Errorless Learning: A teaching procedure where the individual is automatically prompted so that they do not engage in an error, and can access reinforcement for engaging in the target behavior.
Extinction: Withholding reinforcement for the previously reinforced behavior, lowering the rate of the target behavior to an eventual absence.
Fading: The gradual removal of prompts or stimuli in order to obtain an independent response.
Fluency: How quickly the individual can exhibit a behavior after the stimuli is presented.
Frequency: The number of times that a certain behavior occurs
FCT (Functional Communication Training): Often displayed as a type of DRA, FCT occurs when the individual is given the opportunity to communicate his/her desire instead of engaging in a problem behavior.
Functional Analysis: Empirically supported process of making systematic changes to the environment to evaluate the effects of the four testing conditions of play (control), contingent attention, contingent escape and the alone condition, on the target behavior, which allows the practitioner to determine the antecedents and consequences maintaining the behavior.
Generalization: Skills acquired in one setting are applied to many contexts, stimuli, materials, people, and/or settings to be practical, useful, and functional for the individual. Generalized behavior change involves systematic planning, and needs to be a central part of every intervention and every parent training strategy.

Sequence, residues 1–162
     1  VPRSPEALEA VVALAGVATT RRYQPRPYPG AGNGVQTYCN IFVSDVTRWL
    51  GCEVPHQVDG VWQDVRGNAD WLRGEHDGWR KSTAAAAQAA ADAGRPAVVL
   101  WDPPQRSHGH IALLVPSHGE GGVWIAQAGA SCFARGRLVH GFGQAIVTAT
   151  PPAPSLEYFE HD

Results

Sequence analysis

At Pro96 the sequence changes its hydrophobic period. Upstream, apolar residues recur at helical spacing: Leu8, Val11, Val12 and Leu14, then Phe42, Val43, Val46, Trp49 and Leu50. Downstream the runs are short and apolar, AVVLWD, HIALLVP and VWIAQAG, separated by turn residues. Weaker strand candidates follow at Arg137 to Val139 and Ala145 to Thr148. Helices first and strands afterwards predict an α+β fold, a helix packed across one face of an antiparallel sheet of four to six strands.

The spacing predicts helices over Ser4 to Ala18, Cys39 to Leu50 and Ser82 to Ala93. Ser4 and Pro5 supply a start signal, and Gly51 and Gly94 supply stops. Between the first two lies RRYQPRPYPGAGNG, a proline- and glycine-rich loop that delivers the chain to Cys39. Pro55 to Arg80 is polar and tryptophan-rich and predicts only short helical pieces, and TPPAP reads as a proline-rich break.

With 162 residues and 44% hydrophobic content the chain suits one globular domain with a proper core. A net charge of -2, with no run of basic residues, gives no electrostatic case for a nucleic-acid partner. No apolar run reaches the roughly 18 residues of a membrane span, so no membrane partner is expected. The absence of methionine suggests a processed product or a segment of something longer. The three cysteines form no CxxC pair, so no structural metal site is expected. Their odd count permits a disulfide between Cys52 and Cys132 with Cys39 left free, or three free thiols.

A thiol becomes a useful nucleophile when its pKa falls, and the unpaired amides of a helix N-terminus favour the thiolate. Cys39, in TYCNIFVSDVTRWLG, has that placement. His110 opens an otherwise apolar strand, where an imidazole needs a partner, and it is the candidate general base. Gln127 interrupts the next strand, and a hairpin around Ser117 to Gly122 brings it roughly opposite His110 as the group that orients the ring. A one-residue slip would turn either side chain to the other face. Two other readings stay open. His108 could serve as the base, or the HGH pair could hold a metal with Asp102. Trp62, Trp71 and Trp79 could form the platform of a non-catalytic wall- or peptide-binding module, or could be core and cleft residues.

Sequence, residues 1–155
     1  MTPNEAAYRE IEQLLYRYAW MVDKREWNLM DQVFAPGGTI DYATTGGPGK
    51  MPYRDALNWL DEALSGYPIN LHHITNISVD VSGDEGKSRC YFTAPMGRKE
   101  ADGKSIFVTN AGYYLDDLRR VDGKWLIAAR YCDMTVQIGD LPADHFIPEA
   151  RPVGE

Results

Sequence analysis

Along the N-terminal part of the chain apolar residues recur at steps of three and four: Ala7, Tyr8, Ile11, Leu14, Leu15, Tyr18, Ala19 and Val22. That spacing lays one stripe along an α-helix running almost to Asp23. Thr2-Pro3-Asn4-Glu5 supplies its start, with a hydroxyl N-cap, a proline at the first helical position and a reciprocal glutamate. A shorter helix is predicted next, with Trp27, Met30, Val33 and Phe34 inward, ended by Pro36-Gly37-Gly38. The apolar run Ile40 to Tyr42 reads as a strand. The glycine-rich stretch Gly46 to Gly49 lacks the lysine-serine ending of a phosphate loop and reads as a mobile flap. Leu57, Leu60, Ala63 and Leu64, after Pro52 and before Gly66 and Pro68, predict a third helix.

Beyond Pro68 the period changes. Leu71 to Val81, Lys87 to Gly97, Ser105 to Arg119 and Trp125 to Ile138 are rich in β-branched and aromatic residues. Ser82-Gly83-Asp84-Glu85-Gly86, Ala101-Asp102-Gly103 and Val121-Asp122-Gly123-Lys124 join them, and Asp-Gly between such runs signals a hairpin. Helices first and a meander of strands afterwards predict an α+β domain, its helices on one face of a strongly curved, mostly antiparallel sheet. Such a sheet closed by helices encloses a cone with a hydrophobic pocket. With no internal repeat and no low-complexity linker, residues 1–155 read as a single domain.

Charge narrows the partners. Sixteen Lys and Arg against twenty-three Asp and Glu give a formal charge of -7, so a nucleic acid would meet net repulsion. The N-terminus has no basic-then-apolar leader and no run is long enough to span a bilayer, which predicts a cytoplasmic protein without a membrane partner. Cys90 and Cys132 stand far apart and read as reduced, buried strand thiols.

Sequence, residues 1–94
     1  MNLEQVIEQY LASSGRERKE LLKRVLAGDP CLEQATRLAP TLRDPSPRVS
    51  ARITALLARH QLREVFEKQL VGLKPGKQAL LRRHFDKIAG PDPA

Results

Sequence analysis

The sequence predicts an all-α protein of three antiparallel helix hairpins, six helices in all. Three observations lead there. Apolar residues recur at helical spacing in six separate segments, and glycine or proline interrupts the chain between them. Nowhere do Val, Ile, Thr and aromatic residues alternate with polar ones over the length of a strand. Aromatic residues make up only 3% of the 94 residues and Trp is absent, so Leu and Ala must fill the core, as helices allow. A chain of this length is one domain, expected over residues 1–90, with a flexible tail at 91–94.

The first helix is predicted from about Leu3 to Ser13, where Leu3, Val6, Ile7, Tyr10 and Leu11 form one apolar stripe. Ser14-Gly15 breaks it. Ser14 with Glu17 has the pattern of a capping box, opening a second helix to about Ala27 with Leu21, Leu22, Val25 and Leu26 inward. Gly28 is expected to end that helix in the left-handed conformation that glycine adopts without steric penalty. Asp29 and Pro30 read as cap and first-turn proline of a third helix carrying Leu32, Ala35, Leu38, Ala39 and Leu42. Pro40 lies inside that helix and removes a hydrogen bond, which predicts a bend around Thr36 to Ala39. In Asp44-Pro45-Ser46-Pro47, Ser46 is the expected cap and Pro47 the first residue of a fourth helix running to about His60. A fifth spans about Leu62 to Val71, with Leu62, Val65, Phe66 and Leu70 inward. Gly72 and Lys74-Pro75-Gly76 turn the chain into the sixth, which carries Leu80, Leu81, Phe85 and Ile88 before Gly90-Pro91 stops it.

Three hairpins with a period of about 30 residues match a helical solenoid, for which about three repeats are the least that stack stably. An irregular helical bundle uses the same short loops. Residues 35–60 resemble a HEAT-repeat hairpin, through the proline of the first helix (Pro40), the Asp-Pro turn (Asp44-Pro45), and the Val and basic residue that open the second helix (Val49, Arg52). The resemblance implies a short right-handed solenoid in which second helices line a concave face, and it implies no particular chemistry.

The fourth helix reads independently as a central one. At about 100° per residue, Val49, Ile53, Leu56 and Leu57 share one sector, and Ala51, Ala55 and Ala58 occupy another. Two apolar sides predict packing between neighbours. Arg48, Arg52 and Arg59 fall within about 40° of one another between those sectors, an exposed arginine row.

Interpersonal Care: Interventions that do not diagnose or treat a disease, and that provide either improved communication between individuals, or a social interaction replacement.
Inter-Response Time: The time between the end of one response to the start of the next response.
Intervention: A change in the individual’s environment that is meant to manipulate the target behavior.
Intraverbal: A type of verbal behavior in which the desired answer or response is not observed. No point-to-point correlation. This can involve social conversations, fill in the blanks, and other verbal behavior that doesn’t relate to something that can be seen.
Latency: The measurement from the presentation of a stimuli until the engagement in the desired behavior.
Maintenance: The ability for the individual to display a skill previously taught without additional training over time.
Mand: Often referred to as a request. An opportunity where an individual will ask for an item or activity.
Mastery Criteria: Objectively and quantitatively stated percentage, frequency or intensity and duration in which a member must display skill/behavior to be considered an acquired skill/behavior.
Motivating Operation: Also referred to as setting event. This is something occurs before the behavior that has a direct impact on the occurrence of a behavior. For example, if water is with-held from a person, it could make the person thirsty.